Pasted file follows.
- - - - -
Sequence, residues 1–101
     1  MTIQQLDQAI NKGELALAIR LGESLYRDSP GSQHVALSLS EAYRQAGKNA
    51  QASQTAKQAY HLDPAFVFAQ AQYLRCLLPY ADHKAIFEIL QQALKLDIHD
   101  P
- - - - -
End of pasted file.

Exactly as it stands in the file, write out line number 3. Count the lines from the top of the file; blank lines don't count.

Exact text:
    51  QASQTAKQAY HLDPAFVFAQ AQYLRCLLPY ADHKAIFEIL QQALKLDIHD